As we emerge from COVID-19 in our state and nation, I have many emotions. First, on a personal level, there is a huge sense of relief that my family, friends and I have survived, remained healthy and employed. Unfortunately, this is not true for too many Americans and Wisconsin residents.
On a professional level, I feel a tremendous sense of gratitude for the wonderful work of so many of you who have had to pivot overnight to continue to serve clients virtually, when in-person services could no longer be provided safely. I appreciate and admire the courage of those of you, who during the height of the pandemic, continued to provide in-person services in situations where there was no other way of serving your clients. I also tremendously appreciate the creativity and responsiveness that social workers demonstrated by developing new programs to address the challenges that clients were facing during COVID-19. Roberta Bronecki’s moving article in this newsletter is a great example of why our profession is so special. The 2021 Social Work Month Theme, “Social Workers are Essential” has clearly been demonstrated throughout the pandemic. So many of our clients experienced major losses and trauma during the pandemic. They will continue to need our support for a long time into the future.
The other pandemic we faced this year was racism, and I so appreciate the leadership of Dawn Shelton-Williams, our President, along with members of our Diversity Task Force who have helped guide NASW-WI in a positive, active direction towards becoming an anti-racist organization. Throughout this other pandemic, Dawn’s Presidential articles have been powerful, moving and a call to action. NASW-WI can never stop working to make our communities, state and national free of racist institutions and racial disparities.
Often when a nation confronts an emergency situation, (think 9-11) people come together to work together for the common good. Sadly, this has not happened during the COVID-19 pandemic or our racism pandemic. The polarization on mask wearing, for instance, which I have experienced in my return to lobbying at the State Capitol, is ridiculous and unacceptable. Although there is some attempt on a bi-partisan basis to do something about the racist policing, the programs that can actually get support from both parties are so weak, in many cases, that it is not clear if much will change.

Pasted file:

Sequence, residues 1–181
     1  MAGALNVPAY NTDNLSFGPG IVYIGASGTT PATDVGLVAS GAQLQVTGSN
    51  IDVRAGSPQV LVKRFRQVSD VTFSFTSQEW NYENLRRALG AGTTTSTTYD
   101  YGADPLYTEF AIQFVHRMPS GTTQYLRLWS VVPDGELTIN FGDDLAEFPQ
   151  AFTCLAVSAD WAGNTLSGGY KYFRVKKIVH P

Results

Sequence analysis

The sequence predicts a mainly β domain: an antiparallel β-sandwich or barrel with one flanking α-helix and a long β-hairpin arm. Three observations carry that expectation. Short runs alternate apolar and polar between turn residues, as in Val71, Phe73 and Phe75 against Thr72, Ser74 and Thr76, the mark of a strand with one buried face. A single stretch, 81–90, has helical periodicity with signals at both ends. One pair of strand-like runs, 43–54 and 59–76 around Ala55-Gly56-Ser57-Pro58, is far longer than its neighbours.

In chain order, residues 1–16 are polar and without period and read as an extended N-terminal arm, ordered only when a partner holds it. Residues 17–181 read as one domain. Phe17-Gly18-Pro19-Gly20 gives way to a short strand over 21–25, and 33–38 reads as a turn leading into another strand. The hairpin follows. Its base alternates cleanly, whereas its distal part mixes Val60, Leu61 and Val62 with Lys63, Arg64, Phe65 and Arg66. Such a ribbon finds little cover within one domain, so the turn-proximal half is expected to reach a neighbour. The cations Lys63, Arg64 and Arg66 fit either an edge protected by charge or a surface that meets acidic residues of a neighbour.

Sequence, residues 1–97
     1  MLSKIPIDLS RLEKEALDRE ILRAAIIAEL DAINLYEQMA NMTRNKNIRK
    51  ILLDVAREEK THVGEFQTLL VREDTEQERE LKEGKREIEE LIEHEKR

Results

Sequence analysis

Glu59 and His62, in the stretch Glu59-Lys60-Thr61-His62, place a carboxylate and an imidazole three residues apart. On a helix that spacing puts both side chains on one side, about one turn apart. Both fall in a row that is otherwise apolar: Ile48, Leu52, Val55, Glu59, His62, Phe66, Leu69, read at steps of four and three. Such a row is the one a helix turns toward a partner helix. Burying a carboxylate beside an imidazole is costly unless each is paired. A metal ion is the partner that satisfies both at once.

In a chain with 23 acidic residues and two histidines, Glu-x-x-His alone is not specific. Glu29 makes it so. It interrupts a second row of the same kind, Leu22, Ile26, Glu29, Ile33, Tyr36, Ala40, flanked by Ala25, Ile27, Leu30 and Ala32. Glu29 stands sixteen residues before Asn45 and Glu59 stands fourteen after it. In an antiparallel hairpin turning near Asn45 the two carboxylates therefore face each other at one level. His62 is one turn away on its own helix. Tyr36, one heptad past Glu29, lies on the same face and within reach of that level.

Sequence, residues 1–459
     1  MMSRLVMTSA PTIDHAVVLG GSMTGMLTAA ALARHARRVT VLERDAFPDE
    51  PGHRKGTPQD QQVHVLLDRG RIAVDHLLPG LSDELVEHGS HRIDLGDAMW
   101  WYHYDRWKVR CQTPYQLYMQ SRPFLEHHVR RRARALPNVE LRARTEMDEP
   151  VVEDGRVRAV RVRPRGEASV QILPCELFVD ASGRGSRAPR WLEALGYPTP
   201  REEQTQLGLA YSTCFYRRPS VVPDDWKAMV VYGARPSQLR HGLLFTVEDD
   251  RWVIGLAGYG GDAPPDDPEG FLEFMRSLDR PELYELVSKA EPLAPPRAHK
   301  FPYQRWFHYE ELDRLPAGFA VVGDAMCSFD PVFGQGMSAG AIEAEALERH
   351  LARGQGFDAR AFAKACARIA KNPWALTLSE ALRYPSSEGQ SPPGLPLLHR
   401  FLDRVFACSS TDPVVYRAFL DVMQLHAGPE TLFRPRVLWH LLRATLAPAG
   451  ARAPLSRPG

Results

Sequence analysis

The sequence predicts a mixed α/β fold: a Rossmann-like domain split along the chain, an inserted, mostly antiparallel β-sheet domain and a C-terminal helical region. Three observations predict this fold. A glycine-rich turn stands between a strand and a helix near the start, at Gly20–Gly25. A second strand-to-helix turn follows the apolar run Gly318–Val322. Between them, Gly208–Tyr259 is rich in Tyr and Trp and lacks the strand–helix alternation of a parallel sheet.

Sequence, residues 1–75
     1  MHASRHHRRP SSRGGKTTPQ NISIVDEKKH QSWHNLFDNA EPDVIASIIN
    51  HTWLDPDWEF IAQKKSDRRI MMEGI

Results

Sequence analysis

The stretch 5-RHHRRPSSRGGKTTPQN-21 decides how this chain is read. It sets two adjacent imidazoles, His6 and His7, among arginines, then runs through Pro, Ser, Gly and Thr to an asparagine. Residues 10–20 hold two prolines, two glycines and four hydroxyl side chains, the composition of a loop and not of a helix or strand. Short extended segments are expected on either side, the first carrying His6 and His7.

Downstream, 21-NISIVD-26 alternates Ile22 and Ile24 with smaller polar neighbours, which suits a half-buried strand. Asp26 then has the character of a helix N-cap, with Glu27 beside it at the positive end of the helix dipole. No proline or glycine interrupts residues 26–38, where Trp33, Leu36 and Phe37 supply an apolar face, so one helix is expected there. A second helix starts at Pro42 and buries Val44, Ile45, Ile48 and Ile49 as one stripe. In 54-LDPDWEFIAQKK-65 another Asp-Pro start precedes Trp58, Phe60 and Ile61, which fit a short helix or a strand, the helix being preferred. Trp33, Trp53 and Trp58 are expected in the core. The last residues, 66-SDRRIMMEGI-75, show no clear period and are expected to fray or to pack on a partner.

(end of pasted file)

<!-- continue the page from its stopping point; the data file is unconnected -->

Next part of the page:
In my commitment to social justice and support for social work values, I have found the extreme polarization and partisanship a huge hindrance. On bills like the Child Victims’ Act, Banning Conversion Therapy, and the Extreme Risk Protection Ordinance (Red flag legislation), our lobbying and our Advocacy Day have found Republicans who support our positions. However, when asked to sign their name on the bill, most Republicans refused to do so as a result of pressure from their leadership, powerful special interest groups, or fear of losing a primary election. Most recently, we were involved with lobby visits to stop the Transgender Athlete bill. One of the most gay friendly moderate Republican legislators, who gave us advice on who to lobby on this bill, switched his position at the last minute in support of the bill.
Now that we seem to be at the other side of the COVID-19 pandemic, but nowhere near on the pandemic of racism, I want to express my appreciation in advance for your dedication and rededication to your service to our clients under such challenging circumstances. As your Executive Director, I pledge to dedicate and rededicate myself to continue to have your back and fight for social justice that is so integral to our identities as social workers.
By Marc Herstand, MSW, CISW